Last year, the aforementioned approach of inflationary linked price hikes saw related broadband and mobile operators increasing their prices by around 3.9% + CPI of 0.6% (i.e. a total annual increase of 4.5%) during the spring, which wasn’t all that different from the old model of static annual increases – this tended to result in annual hikes of 4-6% (usually notified to customers 1 month before implementation).

However, since January 2021, there has been a dramatic and sustained surge in inflation. This has been largely driven by rising fuel and energy costs, as well as the wider supply and demand issues that have pushed up prices in other areas. The latter was also impacted by the higher cost of post-Brexit trade and a rapid post-COVID19 return to normal economic activity etc.


As can be seen above, the CPI figure for October 2021 (as published in November) hit 4.2% (RPI hit 6%) and some reports indicate that it could peak at around 5%. The forecast suggests that CPI will continue on this trend for at least the next few months, which means that the rate due to be published next month – the one most ISPs will use to set their price hikes against – isn’t likely to be dramatically lower than c.4% (vs just 0.6% last year).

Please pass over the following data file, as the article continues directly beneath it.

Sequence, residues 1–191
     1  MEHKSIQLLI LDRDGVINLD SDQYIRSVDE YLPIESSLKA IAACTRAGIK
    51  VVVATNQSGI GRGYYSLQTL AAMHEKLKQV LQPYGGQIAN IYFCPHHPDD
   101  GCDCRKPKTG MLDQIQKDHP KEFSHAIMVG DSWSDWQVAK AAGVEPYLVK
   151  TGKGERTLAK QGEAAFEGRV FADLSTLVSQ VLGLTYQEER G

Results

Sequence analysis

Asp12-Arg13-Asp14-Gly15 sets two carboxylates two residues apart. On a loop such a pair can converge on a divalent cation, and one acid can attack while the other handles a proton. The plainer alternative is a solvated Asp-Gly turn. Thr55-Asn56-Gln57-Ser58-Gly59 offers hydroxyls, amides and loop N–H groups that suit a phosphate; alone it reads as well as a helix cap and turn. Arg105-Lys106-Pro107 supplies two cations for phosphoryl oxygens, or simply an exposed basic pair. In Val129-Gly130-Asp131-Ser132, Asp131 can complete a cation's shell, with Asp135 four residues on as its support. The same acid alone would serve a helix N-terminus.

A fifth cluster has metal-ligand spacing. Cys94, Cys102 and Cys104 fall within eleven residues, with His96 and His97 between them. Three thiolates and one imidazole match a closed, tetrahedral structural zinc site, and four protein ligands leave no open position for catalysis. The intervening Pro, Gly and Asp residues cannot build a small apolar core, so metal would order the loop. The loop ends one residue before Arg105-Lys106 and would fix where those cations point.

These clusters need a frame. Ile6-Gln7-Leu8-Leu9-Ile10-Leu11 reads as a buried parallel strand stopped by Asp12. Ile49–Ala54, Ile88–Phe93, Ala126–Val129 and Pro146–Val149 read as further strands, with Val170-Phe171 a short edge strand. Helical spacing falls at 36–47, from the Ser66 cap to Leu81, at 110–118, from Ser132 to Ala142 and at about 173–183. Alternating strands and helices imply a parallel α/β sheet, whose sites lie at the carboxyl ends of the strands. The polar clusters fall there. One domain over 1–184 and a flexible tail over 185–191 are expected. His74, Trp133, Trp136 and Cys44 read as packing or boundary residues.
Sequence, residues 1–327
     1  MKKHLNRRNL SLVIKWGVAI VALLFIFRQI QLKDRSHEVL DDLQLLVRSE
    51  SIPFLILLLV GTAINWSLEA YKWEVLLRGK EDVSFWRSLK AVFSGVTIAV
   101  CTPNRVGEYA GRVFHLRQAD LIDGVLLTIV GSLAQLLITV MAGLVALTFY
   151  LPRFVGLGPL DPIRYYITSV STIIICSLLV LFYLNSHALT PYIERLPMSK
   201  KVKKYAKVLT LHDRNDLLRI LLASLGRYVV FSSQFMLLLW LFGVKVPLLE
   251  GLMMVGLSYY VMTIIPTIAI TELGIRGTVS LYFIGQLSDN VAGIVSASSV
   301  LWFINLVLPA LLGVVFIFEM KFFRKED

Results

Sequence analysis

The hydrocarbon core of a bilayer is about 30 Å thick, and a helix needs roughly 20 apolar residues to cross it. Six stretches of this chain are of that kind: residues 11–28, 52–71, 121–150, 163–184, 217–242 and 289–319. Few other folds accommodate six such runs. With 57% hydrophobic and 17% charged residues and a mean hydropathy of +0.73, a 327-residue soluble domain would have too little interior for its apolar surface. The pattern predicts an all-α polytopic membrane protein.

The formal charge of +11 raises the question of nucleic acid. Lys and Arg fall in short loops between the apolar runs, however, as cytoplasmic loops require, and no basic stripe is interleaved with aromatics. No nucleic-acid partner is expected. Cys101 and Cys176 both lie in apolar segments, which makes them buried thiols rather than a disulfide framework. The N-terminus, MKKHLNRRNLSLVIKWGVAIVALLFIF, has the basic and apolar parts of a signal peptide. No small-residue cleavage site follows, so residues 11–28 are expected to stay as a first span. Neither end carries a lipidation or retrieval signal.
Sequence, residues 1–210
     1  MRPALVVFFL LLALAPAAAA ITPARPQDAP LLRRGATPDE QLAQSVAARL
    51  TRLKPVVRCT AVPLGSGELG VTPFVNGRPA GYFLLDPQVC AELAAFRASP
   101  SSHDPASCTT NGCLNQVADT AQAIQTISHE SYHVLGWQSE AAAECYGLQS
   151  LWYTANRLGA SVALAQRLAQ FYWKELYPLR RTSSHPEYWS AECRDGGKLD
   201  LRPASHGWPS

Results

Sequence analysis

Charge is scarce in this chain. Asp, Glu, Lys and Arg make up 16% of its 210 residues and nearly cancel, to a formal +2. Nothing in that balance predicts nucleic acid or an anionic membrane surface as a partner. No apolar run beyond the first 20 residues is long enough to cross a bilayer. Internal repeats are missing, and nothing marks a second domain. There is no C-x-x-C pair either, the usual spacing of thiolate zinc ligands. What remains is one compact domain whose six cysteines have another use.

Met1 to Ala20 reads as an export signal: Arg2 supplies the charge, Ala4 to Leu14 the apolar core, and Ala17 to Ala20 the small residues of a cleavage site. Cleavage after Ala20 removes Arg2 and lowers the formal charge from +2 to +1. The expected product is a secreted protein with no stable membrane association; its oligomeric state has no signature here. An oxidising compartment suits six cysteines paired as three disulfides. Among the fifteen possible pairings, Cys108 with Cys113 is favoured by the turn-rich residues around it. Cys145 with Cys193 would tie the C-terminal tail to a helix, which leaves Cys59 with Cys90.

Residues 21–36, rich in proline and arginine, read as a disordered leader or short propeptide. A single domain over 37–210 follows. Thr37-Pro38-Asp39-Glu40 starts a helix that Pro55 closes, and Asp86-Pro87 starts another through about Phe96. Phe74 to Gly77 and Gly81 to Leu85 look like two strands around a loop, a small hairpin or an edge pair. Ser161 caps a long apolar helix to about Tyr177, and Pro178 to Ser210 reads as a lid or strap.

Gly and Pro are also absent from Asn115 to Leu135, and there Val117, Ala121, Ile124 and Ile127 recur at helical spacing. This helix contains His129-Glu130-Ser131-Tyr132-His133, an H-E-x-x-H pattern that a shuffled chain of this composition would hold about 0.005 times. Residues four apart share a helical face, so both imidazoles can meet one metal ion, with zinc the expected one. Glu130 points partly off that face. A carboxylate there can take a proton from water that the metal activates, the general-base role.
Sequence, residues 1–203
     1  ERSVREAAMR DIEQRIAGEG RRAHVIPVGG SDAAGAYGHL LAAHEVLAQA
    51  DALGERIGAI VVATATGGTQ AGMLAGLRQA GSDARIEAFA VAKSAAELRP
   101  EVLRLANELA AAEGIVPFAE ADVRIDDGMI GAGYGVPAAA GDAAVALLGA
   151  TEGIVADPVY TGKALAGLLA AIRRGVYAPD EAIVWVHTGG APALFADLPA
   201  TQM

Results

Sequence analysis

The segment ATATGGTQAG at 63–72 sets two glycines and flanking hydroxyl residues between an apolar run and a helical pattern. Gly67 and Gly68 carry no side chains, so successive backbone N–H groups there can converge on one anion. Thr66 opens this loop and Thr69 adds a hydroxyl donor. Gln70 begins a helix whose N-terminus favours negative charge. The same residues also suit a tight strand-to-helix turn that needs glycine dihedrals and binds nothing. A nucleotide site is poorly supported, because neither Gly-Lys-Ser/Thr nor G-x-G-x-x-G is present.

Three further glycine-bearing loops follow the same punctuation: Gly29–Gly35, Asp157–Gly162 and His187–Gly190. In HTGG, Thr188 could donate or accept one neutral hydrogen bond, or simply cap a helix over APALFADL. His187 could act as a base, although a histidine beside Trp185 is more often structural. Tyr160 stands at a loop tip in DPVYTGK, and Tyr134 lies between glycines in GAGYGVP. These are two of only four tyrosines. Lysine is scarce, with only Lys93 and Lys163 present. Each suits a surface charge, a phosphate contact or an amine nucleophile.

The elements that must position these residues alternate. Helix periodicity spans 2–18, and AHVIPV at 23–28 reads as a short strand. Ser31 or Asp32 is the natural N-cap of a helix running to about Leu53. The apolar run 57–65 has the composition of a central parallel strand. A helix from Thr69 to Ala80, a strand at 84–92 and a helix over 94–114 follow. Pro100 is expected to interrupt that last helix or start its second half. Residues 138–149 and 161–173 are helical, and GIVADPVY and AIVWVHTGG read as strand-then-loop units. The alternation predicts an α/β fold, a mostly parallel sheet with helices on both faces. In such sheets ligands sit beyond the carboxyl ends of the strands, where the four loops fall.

NOTE: Since preparing this article, the CPI figure for November 2021 has been published, which hit 5.1%!

In other words, most of the aforementioned providers currently look set to introduce a dramatic annual price hike of around 8% and probably more, which is roughly double last year’s total increase of c.4.5%. Admittedly, such a high degree of inflation will be adding extra costs for ISPs too, but there’s no escaping that consumers are definitely going to feel the impact of this on their bills next year.

Customers of O2, which uses the slightly different 3.9% + RPI model, may face an even more dramatic rise if RPI continues to increase beyond 6%. Meanwhile, Sky Broadband (Sky Mobile), Virgin Media and Three UK currently still seem to be adopting the old method of static annual price increases (e.g. Three UK has already informed customers that their prices will rise by 4.5% in April 2022).

Ofcom is unlikely to help here because their Fairness Commitments, which are supported by most of the major broadband and mobile providers, merely requires signatories to “offer customers packages that … have a fair approach to pricing” and ensure “prices are clear and easy to understand.” But the language is ambiguous and doesn’t specifically tackle price hikes, as well as being more aimed at “vulnerable” users.